Sediment acidification and temperature increase in an artificial CO2 vent

de Beer, Dirk; Lichtschlag, Anna ORCID:; Flohr, Anita ORCID:; van Erk, Marit Rianne; Ahmerkamp, Soeren; Holtappels, Moritz; Haeckel, Matthias; Strong, James. 2021 Sediment acidification and temperature increase in an artificial CO2 vent. International Journal of Greenhouse Gas Control, 105, 103244.

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We investigated the effect of an artificial CO2 vent (0.0015−0.037 mol s−1), simulating a leak from a reservoir for carbon capture and storage (CCS), on the sediment geochemistry. CO2 was injected 3 m deep into the seafloor at 120 m depth. With increasing mass flow an increasing number of vents were observed, distributed over an area of approximately 3 m. In situ profiling with microsensors for pH, T, O2 and ORP showed the geochemical effects are localized in a small area around the vents and highly variable. In measurements remote from the vent, the pH reached a value of 7.6 at a depth of 0.06 m. In a CO2 venting channel, pH reduced to below 5. Steep temperature profiles were indicative of a heat source inside the sediment. Elevated total alkalinity and Ca2+ levels showed calcite dissolution. Venting decreased sulfate reduction rates, but not aerobic respiration. A transport-reaction model confirmed that a large fraction of the injected CO2 is transported laterally into the sediment and that the reactions between CO2 and sediment generate enough heat to elevate the temperature significantly. A CO2 leak will have only local consequences for sediment biogeochemistry, and only a small fraction of the escaped CO2 will reach the sediment surface.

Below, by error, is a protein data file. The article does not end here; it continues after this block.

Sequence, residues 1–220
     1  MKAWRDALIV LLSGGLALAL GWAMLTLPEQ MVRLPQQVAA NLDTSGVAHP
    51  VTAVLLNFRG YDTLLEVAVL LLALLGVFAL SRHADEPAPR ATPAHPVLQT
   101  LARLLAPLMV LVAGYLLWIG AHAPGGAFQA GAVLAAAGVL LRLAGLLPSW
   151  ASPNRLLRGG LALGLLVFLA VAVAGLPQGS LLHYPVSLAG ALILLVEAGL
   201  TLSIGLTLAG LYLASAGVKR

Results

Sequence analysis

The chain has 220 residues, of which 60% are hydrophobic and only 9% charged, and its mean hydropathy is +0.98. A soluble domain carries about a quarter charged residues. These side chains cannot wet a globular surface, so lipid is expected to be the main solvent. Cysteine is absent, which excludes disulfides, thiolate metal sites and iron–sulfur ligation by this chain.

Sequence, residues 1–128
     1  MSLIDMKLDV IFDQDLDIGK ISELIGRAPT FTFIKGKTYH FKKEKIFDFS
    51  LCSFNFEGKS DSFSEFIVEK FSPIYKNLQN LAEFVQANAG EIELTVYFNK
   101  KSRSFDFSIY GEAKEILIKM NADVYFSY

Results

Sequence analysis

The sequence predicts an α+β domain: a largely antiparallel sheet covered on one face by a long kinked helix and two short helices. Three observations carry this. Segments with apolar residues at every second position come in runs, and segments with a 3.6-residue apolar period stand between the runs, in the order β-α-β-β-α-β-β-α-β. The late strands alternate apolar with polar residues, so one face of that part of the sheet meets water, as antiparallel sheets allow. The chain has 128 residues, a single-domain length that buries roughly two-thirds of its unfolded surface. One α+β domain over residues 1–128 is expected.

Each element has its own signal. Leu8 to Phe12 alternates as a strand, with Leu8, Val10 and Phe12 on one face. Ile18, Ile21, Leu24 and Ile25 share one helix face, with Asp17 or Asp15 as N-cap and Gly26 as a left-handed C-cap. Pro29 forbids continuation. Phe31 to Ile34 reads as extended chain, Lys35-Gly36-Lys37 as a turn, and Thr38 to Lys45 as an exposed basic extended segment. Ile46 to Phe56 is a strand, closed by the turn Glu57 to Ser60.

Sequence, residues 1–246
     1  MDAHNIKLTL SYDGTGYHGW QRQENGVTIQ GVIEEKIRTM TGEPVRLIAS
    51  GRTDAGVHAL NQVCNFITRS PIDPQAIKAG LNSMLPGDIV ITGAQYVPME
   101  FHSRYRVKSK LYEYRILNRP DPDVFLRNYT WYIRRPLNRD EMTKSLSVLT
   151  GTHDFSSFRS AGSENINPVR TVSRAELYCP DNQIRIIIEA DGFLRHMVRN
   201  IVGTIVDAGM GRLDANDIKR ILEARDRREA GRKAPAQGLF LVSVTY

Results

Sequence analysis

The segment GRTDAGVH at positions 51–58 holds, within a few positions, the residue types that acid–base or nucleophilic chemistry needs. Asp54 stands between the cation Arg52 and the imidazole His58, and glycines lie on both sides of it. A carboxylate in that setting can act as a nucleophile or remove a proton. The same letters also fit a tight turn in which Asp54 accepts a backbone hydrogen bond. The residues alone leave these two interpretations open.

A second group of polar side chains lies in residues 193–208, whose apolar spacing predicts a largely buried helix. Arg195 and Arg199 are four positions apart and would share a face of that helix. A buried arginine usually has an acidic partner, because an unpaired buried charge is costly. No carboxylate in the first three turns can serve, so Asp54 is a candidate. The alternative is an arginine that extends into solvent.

Item Type: Publication - Article
Digital Object Identifier (DOI):
ISSN: 17505836
Date made live: 26 Jan 2021 15:38 +0 (UTC)

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